» » The Son of Man in the Parables of Enoch and in Matthew (Jewish & Christian Text)



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  • Author: Alexandr
  • Date: 21-11-2013, 14:30
21-11-2013, 14:30

The Son of Man in the Parables of Enoch and in Matthew (Jewish & Christian Text)

Category: E-Books

The Son of Man in the Parables of Enoch and in Matthew (Jewish & Christian Text)

The Son of Man in the Parables of Enoch and in Matthew (Jewish & Christian Text)
English | 288 pages | ISBN-10: 0567027295 | PDF | 3.42 MB


This title examines all the relevant passages containing the Term 'Son of Man' in both "Matthew" and the "Parables of Enoch". Depictions of the Son of Man in the Gospel of "Matthew" and in the "Parables of Enoch" (Par. En.) raise questions about their relationship.

The meaning and origin of the term 'Son of Man' are discussed, as well as the possible influence of "Par. En." on "Matthew". Literary, Redaction, Sociological and Narrative criticisms are employed. Introductory questions of date, provenance and social setting are addressed for both "Matthew" and "Par. En.". Dates as early as the early second century BCE and as late as the late third century CE have been proposed for "Par. En.", but a consensus seems to be growing for the late first century BCE. Therefore "Matthew" could have known "Par. En.". Sociological methodologies reveal that the author and audience of "Par. En." may have been members of an ousted ruling elite, opposed to the current administration, and yearning for a just reversal of fortunes. Sets of characteristics of the Son of Man in "Par. En." and "Matthew" are developed, and the term is examined briefly in the other Gospels.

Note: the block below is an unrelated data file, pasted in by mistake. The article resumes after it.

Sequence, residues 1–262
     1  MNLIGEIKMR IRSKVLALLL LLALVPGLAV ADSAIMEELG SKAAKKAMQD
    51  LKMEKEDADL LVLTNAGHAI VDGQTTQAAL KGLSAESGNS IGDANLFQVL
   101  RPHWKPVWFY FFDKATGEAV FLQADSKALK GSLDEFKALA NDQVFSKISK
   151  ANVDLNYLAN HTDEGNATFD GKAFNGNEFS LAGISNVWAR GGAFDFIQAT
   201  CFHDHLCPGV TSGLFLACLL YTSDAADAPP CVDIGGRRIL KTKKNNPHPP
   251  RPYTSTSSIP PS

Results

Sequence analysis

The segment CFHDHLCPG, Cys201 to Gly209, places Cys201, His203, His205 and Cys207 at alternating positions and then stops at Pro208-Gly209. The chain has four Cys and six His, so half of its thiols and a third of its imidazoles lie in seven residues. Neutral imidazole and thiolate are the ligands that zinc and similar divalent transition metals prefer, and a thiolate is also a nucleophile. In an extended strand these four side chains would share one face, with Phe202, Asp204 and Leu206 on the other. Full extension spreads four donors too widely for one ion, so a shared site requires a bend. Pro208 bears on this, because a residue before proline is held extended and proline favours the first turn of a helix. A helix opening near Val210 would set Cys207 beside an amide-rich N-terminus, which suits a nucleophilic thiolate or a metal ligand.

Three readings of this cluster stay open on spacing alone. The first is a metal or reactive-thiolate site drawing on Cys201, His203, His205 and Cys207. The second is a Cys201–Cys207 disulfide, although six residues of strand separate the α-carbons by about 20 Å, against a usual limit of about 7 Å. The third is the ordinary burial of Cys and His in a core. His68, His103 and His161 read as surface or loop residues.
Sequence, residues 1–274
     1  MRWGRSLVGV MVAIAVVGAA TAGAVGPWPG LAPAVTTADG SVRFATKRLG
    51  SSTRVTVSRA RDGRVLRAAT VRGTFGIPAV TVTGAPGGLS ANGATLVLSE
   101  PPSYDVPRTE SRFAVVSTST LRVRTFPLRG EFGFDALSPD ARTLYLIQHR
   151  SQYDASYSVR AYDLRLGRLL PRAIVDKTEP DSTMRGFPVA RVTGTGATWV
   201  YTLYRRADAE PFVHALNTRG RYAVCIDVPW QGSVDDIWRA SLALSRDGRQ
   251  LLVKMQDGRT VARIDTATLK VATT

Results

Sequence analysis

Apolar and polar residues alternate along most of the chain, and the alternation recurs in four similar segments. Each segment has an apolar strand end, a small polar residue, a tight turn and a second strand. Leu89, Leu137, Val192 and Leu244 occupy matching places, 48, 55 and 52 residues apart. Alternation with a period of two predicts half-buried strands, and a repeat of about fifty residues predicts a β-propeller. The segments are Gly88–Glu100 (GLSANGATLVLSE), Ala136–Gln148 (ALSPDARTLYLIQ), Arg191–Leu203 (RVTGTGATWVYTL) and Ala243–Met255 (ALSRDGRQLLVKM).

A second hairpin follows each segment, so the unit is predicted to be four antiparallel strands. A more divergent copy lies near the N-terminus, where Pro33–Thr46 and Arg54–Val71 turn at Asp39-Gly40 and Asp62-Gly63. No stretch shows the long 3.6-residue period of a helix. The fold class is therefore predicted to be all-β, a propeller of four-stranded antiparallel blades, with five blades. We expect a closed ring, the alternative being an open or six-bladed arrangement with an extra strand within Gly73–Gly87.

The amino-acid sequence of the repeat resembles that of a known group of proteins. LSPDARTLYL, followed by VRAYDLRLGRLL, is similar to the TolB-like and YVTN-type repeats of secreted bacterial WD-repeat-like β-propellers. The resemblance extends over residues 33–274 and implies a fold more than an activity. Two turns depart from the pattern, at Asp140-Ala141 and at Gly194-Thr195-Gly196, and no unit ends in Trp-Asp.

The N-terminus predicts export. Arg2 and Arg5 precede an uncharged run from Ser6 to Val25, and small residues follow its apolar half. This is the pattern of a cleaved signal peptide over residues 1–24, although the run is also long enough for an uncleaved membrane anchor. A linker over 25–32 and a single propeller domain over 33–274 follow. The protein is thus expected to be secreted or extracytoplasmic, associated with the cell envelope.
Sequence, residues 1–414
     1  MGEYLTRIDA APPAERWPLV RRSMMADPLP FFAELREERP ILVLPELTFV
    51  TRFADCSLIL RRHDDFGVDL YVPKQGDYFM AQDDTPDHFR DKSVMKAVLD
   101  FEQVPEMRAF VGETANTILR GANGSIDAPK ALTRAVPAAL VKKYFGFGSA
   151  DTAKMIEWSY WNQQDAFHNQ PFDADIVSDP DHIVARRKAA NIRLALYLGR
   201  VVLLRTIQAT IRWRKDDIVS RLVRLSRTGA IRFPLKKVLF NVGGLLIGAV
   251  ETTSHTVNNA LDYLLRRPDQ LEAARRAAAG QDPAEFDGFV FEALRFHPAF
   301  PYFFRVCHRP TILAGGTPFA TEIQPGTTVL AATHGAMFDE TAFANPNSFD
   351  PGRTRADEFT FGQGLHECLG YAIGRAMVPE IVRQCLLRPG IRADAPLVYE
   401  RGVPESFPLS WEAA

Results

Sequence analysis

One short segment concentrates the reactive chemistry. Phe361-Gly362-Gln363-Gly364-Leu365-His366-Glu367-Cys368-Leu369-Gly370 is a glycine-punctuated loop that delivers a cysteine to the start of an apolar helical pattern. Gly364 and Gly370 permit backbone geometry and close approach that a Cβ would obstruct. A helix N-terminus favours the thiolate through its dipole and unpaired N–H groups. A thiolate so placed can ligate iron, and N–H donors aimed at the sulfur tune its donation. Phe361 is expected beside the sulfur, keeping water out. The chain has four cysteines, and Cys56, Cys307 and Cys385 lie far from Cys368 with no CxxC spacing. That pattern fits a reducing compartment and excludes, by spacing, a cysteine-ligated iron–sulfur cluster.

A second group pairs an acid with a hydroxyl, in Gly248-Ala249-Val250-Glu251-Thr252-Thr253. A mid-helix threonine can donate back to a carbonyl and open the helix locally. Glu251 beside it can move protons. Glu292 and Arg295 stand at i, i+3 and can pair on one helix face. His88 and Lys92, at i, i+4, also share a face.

Then the two sets of characteristics are carefully compared. Similarities in vocabulary as well as in the pattern of relationships prove to be intriguing, showing that "Matthew" and "Par. En.", in contrast to other writings, share a unique conception of the judgment scene focussed on the Son of Man as eschatological judge. This suggests quite strongly the shaping of "Matthew"'s concept in the direction of "Par. En.". This series focuses on early Jewish and Christian texts and their formative contexts; it also includes sourcebooks that help clarify the ancient world.
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